I realize that not every music fan has necessarily sold their soul for rock’n’roll, sworn themselves to the dark, or followed the left-hand path into the riff-filled land, and becoming adept at identifying fascist metal bands can only be of so much use to the average decent person. However, there are still a few tricks almost anyone can use to figure out if that weird new band your friend just recommended is worth your time. Simply plugging in spicy search terms like “band + controversy” or “band + assault” or “band member + arrest” can be very illuminating indeed, and reading old interviews from before they attracted the limelight is a good way to parse their political views (or see if they have since evolved). Looking at their touring history to find out which festivals they’ve booked and which bands they’re played with can be awfully interesting, too, especially for European bands; at some festivals, it still not uncommon to see an ideological mishmash of anti-fascist, “apolitical,” and outright fashy bands all occupying the same bill (like for example when several artists threatened to cancel their 2011 Hellfest appearance until Finnish neo-Nazis Satanic Warmaster were booted off).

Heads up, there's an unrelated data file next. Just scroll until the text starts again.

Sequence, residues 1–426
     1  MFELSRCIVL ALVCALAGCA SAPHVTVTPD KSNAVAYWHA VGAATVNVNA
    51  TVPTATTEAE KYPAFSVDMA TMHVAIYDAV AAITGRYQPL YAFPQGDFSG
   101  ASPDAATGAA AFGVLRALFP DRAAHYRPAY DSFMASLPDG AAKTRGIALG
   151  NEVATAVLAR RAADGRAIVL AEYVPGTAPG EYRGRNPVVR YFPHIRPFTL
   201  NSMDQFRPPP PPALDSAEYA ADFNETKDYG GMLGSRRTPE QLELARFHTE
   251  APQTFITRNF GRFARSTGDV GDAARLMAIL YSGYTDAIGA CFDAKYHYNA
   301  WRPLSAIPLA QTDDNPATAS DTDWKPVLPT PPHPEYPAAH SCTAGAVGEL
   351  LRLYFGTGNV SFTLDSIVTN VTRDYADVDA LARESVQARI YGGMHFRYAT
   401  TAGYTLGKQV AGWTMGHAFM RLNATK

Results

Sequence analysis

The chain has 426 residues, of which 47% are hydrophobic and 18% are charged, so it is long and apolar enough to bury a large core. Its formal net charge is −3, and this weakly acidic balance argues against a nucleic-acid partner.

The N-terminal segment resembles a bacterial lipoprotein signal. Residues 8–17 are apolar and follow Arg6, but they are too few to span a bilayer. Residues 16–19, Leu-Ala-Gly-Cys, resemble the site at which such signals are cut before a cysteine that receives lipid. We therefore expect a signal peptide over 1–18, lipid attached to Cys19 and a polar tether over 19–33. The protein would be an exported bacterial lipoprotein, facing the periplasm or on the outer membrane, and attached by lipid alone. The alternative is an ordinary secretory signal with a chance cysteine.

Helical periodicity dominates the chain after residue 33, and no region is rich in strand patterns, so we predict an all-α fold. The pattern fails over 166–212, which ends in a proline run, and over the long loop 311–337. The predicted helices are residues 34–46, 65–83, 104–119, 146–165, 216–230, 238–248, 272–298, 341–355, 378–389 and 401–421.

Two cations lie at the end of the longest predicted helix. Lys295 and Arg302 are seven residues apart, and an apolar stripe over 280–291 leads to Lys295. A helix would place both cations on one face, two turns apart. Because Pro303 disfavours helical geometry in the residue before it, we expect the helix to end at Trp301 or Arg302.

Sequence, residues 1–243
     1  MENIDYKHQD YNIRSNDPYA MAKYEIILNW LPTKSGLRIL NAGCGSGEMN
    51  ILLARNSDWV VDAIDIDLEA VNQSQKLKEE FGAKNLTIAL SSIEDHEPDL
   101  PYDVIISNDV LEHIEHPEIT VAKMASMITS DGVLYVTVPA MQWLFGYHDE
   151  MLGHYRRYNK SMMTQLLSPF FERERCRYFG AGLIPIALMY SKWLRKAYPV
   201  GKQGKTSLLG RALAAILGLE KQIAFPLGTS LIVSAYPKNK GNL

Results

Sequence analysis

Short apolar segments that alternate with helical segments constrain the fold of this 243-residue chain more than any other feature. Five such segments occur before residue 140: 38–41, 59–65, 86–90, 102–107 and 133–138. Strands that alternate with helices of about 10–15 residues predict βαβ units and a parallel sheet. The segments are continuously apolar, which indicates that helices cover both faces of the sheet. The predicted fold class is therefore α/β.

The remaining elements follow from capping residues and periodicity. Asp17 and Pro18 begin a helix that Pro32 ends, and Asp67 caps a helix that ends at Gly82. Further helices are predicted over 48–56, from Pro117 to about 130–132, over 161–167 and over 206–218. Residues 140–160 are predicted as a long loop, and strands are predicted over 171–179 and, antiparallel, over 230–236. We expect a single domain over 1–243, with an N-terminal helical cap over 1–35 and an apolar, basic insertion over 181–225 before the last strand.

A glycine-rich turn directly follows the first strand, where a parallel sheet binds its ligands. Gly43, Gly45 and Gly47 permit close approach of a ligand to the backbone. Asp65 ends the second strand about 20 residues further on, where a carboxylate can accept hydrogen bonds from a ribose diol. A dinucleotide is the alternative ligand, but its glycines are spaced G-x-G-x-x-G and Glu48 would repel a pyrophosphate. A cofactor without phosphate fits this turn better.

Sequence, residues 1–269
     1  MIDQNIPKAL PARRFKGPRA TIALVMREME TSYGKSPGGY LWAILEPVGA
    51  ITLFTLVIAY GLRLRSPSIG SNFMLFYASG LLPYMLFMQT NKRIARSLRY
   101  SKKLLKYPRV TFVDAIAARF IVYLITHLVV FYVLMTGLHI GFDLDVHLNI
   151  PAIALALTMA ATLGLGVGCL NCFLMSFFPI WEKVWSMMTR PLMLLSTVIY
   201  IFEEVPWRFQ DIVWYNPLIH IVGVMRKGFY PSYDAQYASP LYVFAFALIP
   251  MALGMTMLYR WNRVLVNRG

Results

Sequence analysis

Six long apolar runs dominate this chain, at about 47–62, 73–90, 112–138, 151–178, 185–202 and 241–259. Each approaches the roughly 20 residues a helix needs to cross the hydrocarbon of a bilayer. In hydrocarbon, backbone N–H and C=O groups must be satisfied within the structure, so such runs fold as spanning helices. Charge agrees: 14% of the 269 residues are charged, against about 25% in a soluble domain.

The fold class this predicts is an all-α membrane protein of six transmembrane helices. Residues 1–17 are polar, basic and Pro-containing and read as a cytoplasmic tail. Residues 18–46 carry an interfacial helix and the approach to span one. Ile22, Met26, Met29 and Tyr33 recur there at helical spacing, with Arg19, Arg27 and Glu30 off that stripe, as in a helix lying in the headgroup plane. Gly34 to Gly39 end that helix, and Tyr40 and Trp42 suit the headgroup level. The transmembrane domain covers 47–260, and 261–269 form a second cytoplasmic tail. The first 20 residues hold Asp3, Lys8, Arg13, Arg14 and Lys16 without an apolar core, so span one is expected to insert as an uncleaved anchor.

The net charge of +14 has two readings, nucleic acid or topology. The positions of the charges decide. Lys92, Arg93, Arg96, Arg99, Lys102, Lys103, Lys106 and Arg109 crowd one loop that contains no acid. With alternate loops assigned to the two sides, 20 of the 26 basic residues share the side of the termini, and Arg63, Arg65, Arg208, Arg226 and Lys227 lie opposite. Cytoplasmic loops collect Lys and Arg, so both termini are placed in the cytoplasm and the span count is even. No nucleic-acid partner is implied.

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Combing through a band’s Discogs page to see if they’ve released music on any dodgy labels or worked with any contemptible artists is another way to spot potential issues, and if they’re particularly active on social media, taking a peek through their likes and follows never hurts, either. If you’re not sure if a label is fash-friendly, do some research on them, too; there are precious few metal-oriented labels that have taken a real stand against fascism in metal, but there are a profound amount who have no problem laundering white supremacist content under the guise of being “apolitical” or simply not giving a shit as long as it sells. When dealing with a more esoteric crowd, pay attention to which writers and philosophers they quote (Julius Evola? Do not pass go), which books they cite, and which occult groups they align themselves with (the Order of the Nine Angles is a big honking blood-red flag). Pay attention to what they decide to wear in their band photos, their tattoos, which bands’ logos appear on their T-shirts and patches, and which flags and imagery show up in their photo backgrounds. It all matters, and it should all factor into your decision over whether or not to support them.